When I’m not writing I’m watching some kind of documentary. I’ve been on a Mafia kick lately as I find that whole world and the players in it fascinating though I hope that doesn’t point to some kind of personality deficiency on my part.

When I’m not writing I’m losing untold hours browsing about on the internet. While I may start off my day searching for the best chocolate cake recipe I somehow end up, hours later, reading up on the mating habits of the Argentine lake duck.

When I’m not writing I’m gaming and losing myself in a whole other world where I can be the assassin, the gunslinger, the gangster, or the vigilante.

When I’m not writing I’m reading although I don’t seem to make enough time for it.

When I’m not writing I’m making mental notes of what I at some point may write about.

Writing 101 – Reinvent the Letter Format

My dearest,

I can’t remember a time in my life when you weren’t a part of it. It may have started off innocently enough but it’s come to the point where I can’t leave your side without feeling a sense of panic. I need you there constantly. What was once good has turned into a kind of obsession. There have been so many times when I tried to push you out of my life yet I keep wanting you back. You soothe me so.

Even now I want to reach for you. Uncap your tube and glide you over my lips. You’ll forever be my addiction, my craving, my lip balm.

Yours forever,

Writing 101 – Day 6 – A Space to Write


Sitting at the dining room table, my laptop in front of me, I can look out the window into the backyard. The magpies are usually wandering about the yard looking for something to nibble on. The young ‘uns no longer flail their wings at their parents as they did earlier in the year, beaks open, ready to be fed. It’s quiet and it’s perfect for getting my thoughts down. Wrestling with sentence structure and flow requires peace, no interruptions and a certain amount of coffee. At least for me it does.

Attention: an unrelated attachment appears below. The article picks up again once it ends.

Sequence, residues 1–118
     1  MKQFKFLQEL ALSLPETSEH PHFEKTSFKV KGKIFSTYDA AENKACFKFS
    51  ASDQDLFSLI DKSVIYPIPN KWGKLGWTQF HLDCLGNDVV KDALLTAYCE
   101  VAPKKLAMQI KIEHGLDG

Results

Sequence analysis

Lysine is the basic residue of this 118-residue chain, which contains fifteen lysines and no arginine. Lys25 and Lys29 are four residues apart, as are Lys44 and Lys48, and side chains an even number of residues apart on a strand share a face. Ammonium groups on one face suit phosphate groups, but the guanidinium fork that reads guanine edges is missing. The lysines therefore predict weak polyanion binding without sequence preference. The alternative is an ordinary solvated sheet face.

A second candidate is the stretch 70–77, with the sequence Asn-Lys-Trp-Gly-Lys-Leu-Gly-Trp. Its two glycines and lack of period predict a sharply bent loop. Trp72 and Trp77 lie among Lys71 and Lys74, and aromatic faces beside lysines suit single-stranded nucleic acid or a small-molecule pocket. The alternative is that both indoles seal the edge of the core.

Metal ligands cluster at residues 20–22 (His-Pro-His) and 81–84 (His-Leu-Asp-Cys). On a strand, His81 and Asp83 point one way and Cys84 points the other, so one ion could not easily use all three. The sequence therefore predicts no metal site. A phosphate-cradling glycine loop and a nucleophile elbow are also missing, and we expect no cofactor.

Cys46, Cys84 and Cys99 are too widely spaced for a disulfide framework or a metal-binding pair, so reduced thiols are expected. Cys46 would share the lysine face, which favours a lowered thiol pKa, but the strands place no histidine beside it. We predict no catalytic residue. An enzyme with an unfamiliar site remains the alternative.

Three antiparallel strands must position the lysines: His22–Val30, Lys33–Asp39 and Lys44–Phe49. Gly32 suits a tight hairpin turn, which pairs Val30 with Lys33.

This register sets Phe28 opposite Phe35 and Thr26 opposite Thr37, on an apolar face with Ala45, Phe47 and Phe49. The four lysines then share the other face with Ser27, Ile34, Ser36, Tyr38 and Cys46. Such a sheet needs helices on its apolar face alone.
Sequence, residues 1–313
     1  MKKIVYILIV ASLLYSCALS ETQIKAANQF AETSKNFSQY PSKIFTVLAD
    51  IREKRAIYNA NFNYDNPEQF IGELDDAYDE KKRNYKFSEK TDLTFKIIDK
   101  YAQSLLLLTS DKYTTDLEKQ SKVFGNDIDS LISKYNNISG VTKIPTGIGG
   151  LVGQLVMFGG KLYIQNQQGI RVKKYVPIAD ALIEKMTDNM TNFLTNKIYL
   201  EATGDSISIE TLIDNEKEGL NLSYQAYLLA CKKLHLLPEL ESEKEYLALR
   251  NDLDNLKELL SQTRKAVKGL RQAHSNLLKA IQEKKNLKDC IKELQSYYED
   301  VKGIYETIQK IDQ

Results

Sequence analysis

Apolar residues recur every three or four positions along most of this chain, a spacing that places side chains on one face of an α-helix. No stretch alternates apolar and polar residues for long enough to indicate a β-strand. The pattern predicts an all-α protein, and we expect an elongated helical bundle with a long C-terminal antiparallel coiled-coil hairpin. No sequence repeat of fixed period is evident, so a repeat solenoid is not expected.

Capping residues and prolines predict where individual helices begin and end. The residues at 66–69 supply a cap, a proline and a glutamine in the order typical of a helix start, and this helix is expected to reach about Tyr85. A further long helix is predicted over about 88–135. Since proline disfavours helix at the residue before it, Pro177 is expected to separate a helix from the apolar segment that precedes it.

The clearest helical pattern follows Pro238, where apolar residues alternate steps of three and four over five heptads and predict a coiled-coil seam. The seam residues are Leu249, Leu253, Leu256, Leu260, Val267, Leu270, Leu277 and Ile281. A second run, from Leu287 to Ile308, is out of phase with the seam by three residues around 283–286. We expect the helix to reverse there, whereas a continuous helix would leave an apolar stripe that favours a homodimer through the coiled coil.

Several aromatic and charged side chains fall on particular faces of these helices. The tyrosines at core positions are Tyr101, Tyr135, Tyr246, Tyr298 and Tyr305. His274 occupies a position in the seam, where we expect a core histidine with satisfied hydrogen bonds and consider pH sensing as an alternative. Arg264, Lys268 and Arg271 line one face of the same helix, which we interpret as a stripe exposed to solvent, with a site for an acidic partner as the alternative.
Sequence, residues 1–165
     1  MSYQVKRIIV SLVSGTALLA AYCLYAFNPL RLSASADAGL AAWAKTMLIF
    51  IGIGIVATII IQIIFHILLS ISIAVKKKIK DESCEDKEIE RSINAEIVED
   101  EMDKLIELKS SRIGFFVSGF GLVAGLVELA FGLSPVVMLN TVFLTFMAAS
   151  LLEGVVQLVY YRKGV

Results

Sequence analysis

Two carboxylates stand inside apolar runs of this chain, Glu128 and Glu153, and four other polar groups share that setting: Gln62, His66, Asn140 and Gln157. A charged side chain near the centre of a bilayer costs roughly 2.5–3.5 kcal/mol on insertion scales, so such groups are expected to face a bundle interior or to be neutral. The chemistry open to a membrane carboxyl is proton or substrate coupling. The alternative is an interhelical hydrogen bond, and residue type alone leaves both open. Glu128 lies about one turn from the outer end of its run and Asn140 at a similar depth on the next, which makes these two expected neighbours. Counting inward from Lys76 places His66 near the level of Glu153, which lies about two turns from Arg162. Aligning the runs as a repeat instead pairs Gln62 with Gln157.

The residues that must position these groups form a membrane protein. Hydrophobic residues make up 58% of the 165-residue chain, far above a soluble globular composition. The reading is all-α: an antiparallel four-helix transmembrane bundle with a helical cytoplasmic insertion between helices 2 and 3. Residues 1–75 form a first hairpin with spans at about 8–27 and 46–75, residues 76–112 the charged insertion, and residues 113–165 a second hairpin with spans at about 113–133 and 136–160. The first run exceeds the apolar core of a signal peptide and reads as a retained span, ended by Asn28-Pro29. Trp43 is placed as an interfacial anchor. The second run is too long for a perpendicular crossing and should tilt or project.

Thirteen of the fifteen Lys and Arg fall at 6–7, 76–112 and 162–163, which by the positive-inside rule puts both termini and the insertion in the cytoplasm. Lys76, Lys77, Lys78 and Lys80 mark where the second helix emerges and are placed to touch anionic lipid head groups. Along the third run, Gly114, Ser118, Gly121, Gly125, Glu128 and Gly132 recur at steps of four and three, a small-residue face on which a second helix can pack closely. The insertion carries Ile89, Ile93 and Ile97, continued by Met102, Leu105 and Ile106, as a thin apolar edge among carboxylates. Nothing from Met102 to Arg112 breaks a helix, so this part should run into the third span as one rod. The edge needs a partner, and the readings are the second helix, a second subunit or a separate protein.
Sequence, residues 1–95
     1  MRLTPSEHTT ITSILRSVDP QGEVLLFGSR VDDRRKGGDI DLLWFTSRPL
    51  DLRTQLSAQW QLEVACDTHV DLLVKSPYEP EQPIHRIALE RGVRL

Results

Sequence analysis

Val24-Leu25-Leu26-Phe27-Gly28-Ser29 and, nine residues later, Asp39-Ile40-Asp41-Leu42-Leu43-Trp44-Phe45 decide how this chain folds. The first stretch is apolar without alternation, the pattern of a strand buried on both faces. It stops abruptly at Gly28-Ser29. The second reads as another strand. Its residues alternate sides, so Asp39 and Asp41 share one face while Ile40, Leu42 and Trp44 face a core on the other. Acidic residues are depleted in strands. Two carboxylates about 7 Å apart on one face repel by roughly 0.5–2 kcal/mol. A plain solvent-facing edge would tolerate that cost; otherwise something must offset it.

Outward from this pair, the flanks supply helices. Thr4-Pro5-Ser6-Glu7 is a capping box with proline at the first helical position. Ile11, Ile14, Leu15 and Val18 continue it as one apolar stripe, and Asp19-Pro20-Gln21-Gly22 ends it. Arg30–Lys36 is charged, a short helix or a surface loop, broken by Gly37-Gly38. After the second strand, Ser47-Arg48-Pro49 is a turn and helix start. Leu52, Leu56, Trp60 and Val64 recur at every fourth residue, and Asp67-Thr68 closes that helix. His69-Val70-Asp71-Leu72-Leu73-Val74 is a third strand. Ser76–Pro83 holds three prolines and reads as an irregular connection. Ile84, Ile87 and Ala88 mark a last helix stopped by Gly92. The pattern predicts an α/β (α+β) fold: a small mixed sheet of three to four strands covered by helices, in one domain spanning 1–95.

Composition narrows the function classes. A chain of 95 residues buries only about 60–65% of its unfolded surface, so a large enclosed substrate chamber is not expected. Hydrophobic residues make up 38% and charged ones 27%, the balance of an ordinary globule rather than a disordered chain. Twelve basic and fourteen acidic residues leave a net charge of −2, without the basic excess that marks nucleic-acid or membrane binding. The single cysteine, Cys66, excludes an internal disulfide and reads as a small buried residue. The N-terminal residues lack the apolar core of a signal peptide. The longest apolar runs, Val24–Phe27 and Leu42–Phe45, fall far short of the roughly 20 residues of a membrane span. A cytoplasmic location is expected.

While I do most of my writing on my laptop I’m also a fan of notebooks. They’re more portable for one thing. And there’s just something about having pages to rifle through, reading old ideas jotted down late at night, snippets of thoughts hurriedly scribbled, jumbles of words seemingly randomly scattered across a page. It’s fun to try and coax an idea out from that jumble and also add to the mess, curled up on the couch, coffee at hand and pen at the ready.


Writing 101 – Day 4 – A Story in a Single Image


She sat by the window as she had been doing the last hour waiting for her parents to come home. Her brother was in his favourite part of the attic, the little nook where they had built a fort out of the forgotten and discarded things that had made their way up here over the years. It had always been a little bit stuffy up here, full of dark corners where spiders would make their home but she and her brother enjoyed the gloomy space. It seemed to hold endless possibilities for adventure.

She smiled as she remembered the detailed pirate adventure her brother had made up just this morning. They had spent what seemed like hours running about yelling “Yarr!” and “Shiver me timbers!”, laughing and giggling. His imagination was extraordinary for a child so young. She remembered his cheeks flushed from the exertion, his eyes twinkling with delight, happy to just be playing with his older sister.

She turned to look at him and the smile faded. “It was an accident.” she said, practicing for when her parents finally came home.

“It was an accident.”